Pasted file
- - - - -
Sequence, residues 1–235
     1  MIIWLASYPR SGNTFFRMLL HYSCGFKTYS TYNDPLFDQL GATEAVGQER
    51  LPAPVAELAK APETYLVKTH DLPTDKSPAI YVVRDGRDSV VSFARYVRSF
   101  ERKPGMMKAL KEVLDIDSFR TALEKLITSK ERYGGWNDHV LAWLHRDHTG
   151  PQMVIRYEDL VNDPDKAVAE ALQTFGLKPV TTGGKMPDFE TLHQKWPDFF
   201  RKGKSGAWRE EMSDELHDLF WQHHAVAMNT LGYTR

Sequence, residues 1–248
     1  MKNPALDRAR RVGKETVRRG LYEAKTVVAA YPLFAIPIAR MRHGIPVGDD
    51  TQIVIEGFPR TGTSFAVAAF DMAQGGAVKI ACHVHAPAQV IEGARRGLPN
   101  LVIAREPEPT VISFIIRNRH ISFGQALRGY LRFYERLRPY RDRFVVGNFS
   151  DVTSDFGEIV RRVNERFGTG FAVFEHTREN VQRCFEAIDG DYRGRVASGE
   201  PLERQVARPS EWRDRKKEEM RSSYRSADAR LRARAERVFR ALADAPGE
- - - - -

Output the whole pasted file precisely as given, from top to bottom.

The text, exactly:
Sequence, residues 1–235
     1  MIIWLASYPR SGNTFFRMLL HYSCGFKTYS TYNDPLFDQL GATEAVGQER
    51  LPAPVAELAK APETYLVKTH DLPTDKSPAI YVVRDGRDSV VSFARYVRSF
   101  ERKPGMMKAL KEVLDIDSFR TALEKLITSK ERYGGWNDHV LAWLHRDHTG
   151  PQMVIRYEDL VNDPDKAVAE ALQTFGLKPV TTGGKMPDFE TLHQKWPDFF
   201  RKGKSGAWRE EMSDELHDLF WQHHAVAMNT LGYTR

Sequence, residues 1–248
     1  MKNPALDRAR RVGKETVRRG LYEAKTVVAA YPLFAIPIAR MRHGIPVGDD
    51  TQIVIEGFPR TGTSFAVAAF DMAQGGAVKI ACHVHAPAQV IEGARRGLPN
   101  LVIAREPEPT VISFIIRNRH ISFGQALRGY LRFYERLRPY RDRFVVGNFS
   151  DVTSDFGEIV RRVNERFGTG FAVFEHTREN VQRCFEAIDG DYRGRVASGE
   201  PLERQVARPS EWRDRKKEEM RSSYRSADAR LRARAERVFR ALADAPGE